According to Levstik (1986), research on the teaching of history in elementary schools suggests that textbook-based teaching practices are unsuccessful in developing historical understanding as defined by either the developmental or narrative-based models. She states that social studies educators should apply the techniques of "response to literature research" to history learning and explore the power of narrative in history.

Renewed research on children's history learning ability based on schema theory, new trends in Piaget's developmental theory, the narrative approach, or other paradigms may soon start to provide the knowledge needed to refine and improve our teaching practices.


The teaching and learning of history in the elementary school is less focused on building definitive knowledge or formal thinking ability than it is aimed at more immediate and attainable ends. For young elementary students, an important purpose of education in history is to make the past seem real instead of remaining an untouchable abstraction held only in adult memories or hollow textbook passages. As improved history teaching begins to make this possible, students may achieve a second purpose of building insights into their own lives and contemporary events; the past can be used to illuminate the present.

Other achievable purposes of history in the elementary school are to develop knowledge of the American heritage, recognize and place in historical context important persons of the past, and introduce and gradually build understanding of time and chronology. Of course, these purposes should be addressed carefully in terms of the cognitive limitations of elementary school students.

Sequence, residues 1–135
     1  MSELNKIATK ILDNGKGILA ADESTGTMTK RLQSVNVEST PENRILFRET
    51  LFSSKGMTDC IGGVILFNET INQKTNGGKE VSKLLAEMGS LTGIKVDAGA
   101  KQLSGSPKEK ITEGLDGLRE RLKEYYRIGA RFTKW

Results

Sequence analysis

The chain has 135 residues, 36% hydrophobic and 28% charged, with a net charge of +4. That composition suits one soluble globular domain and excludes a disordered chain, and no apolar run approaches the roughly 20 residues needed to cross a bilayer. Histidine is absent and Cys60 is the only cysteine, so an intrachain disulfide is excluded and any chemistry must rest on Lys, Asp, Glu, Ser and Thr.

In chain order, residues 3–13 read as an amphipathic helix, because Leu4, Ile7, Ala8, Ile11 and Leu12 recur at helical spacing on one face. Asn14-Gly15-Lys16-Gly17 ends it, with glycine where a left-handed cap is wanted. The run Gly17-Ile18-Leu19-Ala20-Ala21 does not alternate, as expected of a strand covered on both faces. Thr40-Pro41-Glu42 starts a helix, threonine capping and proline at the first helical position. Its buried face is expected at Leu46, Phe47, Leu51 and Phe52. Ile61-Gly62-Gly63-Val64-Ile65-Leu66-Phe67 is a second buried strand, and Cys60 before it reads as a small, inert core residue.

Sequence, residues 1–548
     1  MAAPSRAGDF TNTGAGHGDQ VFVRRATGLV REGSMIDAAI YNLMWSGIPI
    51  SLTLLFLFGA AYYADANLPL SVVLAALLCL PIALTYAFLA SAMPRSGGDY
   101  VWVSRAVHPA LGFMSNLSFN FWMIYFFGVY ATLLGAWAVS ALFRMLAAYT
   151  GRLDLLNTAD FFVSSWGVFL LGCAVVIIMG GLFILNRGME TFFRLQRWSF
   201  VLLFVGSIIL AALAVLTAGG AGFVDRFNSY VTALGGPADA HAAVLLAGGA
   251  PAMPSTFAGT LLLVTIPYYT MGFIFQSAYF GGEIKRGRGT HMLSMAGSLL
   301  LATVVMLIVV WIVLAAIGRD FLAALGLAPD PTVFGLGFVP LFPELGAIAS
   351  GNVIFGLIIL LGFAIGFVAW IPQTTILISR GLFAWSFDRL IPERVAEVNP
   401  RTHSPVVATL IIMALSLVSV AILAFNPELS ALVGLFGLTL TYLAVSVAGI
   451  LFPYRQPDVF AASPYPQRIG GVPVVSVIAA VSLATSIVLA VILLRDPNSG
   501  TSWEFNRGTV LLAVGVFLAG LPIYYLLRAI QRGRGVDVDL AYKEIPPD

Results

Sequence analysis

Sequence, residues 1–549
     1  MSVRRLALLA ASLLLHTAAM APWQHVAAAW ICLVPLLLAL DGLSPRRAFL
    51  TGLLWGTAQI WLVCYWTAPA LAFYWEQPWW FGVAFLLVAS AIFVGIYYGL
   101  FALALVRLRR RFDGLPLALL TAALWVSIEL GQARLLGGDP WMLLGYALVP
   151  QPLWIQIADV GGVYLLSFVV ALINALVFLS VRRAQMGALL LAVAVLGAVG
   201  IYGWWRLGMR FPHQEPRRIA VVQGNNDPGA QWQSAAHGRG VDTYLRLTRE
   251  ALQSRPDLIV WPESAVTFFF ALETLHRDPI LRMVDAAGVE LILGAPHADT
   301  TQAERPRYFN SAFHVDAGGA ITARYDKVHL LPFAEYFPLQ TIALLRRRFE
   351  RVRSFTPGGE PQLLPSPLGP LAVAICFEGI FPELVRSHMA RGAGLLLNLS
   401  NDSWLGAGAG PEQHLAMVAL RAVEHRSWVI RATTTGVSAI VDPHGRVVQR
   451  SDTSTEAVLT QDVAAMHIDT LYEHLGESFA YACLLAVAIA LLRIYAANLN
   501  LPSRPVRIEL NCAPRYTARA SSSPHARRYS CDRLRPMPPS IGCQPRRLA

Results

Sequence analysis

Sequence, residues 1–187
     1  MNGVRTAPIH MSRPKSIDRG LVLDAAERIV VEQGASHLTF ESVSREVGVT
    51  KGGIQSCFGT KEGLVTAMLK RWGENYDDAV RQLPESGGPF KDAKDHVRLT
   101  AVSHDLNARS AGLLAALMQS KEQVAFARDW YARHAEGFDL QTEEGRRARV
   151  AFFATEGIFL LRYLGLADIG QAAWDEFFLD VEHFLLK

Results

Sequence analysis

History instruction will help children recognize their own relationship to history, realizing that their actions and lives are a potential part of yet-to-be-written histories. Holding these as the purposes of history in the elementary school will help students develop a love and respect for history and a realistic view of its limitations. Only then will students be receptive to more complex and formal history lessons of the secondary schools.


Much has been written over the years about the shortcomings of textbook-bound social studies instruction. Sensitive teachers are aware of the learning and motivational difficulties entailed by over reliance on a single textbook, regardless of how good it is. Nevertheless, even when the textbook is the predominate source of instruction, it is still possible to help most students enjoy and benefit from their daily lessons. Teachers who are successful with this approach take steps to accommodate the varied reading abilities of their students; they make sure that vocabulary, conceptual, and experiential foundations are laid prior to reading; and they vary their reading assignments and routines to help break the boredom of needless repetition.

History instruction can be greatly enhanced by the use of literature. There is a substantial supply of elementary level historical fiction, biographies, and special purpose reference works related to history. Teachers should work with their media center and public library to identify the titles of books which may be used to investigate the past. Such books should be displayed attractively, used frequently, and discussed as a part of the regular classroom routine.

Instruction about the past is aided by the sounds and images of videotapes, films, and filmstrips. Although overreliance on these kinds of resources is a fault, careful selection and meaningful integration with ongoing instruction can do much to enhance students' knowledge of the past.

Special experiences pump life into children's history learning. Such experiences go beyond the "staples" of the classroom instruction and include field trips to museums and historical sites, simulations, craft and model-building experiences, individualized and in-depth National History Day projects, and oral history projects. When students are properly prepared for such experiences, the depth of understanding they build more than justifies the extra effort they entail.